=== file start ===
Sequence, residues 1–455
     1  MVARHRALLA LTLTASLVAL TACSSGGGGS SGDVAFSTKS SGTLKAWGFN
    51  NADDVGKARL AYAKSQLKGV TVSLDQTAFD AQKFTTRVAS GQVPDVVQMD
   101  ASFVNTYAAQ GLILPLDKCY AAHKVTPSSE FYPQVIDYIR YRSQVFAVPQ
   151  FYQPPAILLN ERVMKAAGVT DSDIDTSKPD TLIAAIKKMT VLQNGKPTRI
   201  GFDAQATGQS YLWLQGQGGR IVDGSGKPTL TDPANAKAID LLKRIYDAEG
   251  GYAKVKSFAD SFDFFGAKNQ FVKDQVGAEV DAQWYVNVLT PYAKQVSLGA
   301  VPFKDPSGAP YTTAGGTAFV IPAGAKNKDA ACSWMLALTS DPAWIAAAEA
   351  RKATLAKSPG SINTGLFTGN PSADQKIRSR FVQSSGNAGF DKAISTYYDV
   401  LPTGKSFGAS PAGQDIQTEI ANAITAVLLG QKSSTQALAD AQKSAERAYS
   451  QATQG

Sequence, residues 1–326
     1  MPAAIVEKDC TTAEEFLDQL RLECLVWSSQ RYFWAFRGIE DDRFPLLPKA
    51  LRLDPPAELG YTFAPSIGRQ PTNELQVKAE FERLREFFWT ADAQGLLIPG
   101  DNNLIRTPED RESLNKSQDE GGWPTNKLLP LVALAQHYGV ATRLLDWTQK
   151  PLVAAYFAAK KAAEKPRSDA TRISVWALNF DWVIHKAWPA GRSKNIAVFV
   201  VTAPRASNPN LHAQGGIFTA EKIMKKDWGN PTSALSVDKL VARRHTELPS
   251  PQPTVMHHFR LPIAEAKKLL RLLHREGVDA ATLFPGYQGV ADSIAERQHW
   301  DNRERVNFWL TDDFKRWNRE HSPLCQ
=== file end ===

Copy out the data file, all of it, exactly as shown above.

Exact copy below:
Sequence, residues 1–455
     1  MVARHRALLA LTLTASLVAL TACSSGGGGS SGDVAFSTKS SGTLKAWGFN
    51  NADDVGKARL AYAKSQLKGV TVSLDQTAFD AQKFTTRVAS GQVPDVVQMD
   101  ASFVNTYAAQ GLILPLDKCY AAHKVTPSSE FYPQVIDYIR YRSQVFAVPQ
   151  FYQPPAILLN ERVMKAAGVT DSDIDTSKPD TLIAAIKKMT VLQNGKPTRI
   201  GFDAQATGQS YLWLQGQGGR IVDGSGKPTL TDPANAKAID LLKRIYDAEG
   251  GYAKVKSFAD SFDFFGAKNQ FVKDQVGAEV DAQWYVNVLT PYAKQVSLGA
   301  VPFKDPSGAP YTTAGGTAFV IPAGAKNKDA ACSWMLALTS DPAWIAAAEA
   351  RKATLAKSPG SINTGLFTGN PSADQKIRSR FVQSSGNAGF DKAISTYYDV
   401  LPTGKSFGAS PAGQDIQTEI ANAITAVLLG QKSSTQALAD AQKSAERAYS
   451  QATQG

Sequence, residues 1–326
     1  MPAAIVEKDC TTAEEFLDQL RLECLVWSSQ RYFWAFRGIE DDRFPLLPKA
    51  LRLDPPAELG YTFAPSIGRQ PTNELQVKAE FERLREFFWT ADAQGLLIPG
   101  DNNLIRTPED RESLNKSQDE GGWPTNKLLP LVALAQHYGV ATRLLDWTQK
   151  PLVAAYFAAK KAAEKPRSDA TRISVWALNF DWVIHKAWPA GRSKNIAVFV
   201  VTAPRASNPN LHAQGGIFTA EKIMKKDWGN PTSALSVDKL VARRHTELPS
   251  PQPTVMHHFR LPIAEAKKLL RLLHREGVDA ATLFPGYQGV ADSIAERQHW
   301  DNRERVNFWL TDDFKRWNRE HSPLCQ